$1.44 billion plan to respond to Venezuela refugee and migrant needs

#item_description], In a $1.4 billion appeal launched on Thursday, the UN migration organization IOM and the UN refugee agency, UNHCR, warned that the pandemic has strained the capacity of Latin American and Caribbean countries to look after Venezuelan nationals.

Many refugees, migrants and their host communities now face multiple challenges that have worsened their already precarious situation, the agencies said.

“Lockdowns, loss of livelihoods and impoverishment are forcing many to become increasingly dependent on emergency humanitarian assistance for their health, shelter, food, protection and education needs”, and these needs will be targeted in 17 countries thanks to the appeal to fund a major response plan for next year, said IOM and UNHCR

In total, around 5.4 million people have left Venezuela, pushed by a longstanding social and economic crisis – and ongoing political deadlock.

Evictions, rights abuses

Rising rates of evictions are also leaving many homeless and dependent on temporary accommodation provided by humanitarian organizations.

For refugees and migrants living in irregular situations, the struggle to access basic rights is even more acute.

“Prolonged, but necessary lockdown measures and mobility restrictions have had a detrimental impact on refugees’ and migrants’ capacity to maintain livelihoods and access to basic goods and services”, said Eduardo Stein, Joint Special Representative of UNHCR and IOM for Venezuelan Refugees and Migrants.

“Many have lost their livelihoods and simultaneously are not systematically included in social safety nets that have been established for local populations”

Their dire situation has led some people to consider returning home, often in unsafe conditions, raising additional protection and health concerns, the agencies said.

At the same time, the number of Venezuelans continuing to leave their country has also increased in recent weeks as lockdown measures ease and conditions there continue to deteriorate.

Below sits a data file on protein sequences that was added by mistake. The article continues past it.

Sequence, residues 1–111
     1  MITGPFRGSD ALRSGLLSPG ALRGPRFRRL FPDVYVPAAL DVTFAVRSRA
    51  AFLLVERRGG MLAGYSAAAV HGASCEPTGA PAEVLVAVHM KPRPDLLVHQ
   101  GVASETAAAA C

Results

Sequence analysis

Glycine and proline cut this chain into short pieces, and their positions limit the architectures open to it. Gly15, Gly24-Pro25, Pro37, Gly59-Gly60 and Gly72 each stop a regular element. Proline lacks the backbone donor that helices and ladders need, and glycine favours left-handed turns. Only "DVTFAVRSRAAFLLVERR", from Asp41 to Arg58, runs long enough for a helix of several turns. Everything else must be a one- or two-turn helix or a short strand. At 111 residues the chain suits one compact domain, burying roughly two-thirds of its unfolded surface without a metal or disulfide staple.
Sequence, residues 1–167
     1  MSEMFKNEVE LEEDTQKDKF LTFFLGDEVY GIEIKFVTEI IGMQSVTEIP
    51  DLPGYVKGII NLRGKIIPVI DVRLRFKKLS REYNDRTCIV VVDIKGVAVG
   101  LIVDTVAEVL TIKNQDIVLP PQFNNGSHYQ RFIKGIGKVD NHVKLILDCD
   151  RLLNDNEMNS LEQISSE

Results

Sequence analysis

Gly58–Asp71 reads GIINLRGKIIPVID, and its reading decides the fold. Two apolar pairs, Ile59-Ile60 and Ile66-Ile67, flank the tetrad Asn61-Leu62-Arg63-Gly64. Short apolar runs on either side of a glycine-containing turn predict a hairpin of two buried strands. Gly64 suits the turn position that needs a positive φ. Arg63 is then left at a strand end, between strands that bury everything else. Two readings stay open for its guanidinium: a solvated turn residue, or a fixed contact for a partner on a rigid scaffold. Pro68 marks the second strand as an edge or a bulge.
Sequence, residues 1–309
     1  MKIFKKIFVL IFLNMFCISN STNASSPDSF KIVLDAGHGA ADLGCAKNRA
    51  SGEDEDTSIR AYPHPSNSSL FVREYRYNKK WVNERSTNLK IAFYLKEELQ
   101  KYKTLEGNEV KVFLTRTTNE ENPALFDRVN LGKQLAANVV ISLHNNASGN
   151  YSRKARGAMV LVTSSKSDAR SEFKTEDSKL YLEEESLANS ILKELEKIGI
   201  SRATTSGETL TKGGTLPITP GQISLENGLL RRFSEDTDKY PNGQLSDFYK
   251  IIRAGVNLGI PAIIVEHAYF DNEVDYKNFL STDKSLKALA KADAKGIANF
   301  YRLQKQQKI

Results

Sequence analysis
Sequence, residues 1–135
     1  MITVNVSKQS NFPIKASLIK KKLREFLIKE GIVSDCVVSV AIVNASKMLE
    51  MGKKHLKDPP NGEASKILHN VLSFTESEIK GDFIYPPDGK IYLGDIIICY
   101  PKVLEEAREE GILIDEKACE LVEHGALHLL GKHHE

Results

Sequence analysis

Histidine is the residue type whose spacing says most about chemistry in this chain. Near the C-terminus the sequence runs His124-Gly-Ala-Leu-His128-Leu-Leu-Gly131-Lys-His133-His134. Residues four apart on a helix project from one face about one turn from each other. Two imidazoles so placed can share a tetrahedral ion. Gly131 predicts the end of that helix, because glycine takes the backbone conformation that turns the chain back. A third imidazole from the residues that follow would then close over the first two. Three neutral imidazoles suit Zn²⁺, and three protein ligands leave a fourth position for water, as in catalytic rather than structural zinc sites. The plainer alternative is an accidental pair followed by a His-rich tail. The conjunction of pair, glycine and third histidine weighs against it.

As borders remain closed, these movements take place mainly through irregular border crossings, exposing refugees and migrants to danger and great risk of physical and sexual abuse, discrimination as well as exploitation and trafficking.


© UNICEF/UN0253234/Moreno Gonza
José David Dominguez, 9 years old, is accompanied by his mother, Yenni Dominguez, to get his vaccine at UNICEF’s health point in Ipiales, Colombia. UNICEF has launched a regional response to support children and families from Venezuela, as well as children in host communities.

Encouraging signs in host nations

Despite the challenges, there have been encouraging examples across the region of host countries working to ensure the inclusion of refugees and migrants in national responses to the pandemic, on par with their citizens.

Refugees and migrants are also supporting responses, with some working on the frontlines as health workers or disseminating lifesaving information, within their communities.

“The response plan announced today requires the continuous and increased commitment of the international community and the private sector to respond to this crisis”, added Mr. Stein. “Venezuelan refugees and migrants and their hosts require our collective support more than ever – both in terms of urgent life-saving humanitarian assistance, but also for development assistance to support local communities and long-term solutions.

The 2021 response plan (RMRP) intends to further strengthen the national and regional responses of host governments by supporting health, shelter, food, water, sanitation and hygiene (WASH) interventions.

It brings together 158 organizations involved in the response, including UN agencies, international and national non-governmental organizations, civil society, faith-based organizations, and the Red Cross Movement.

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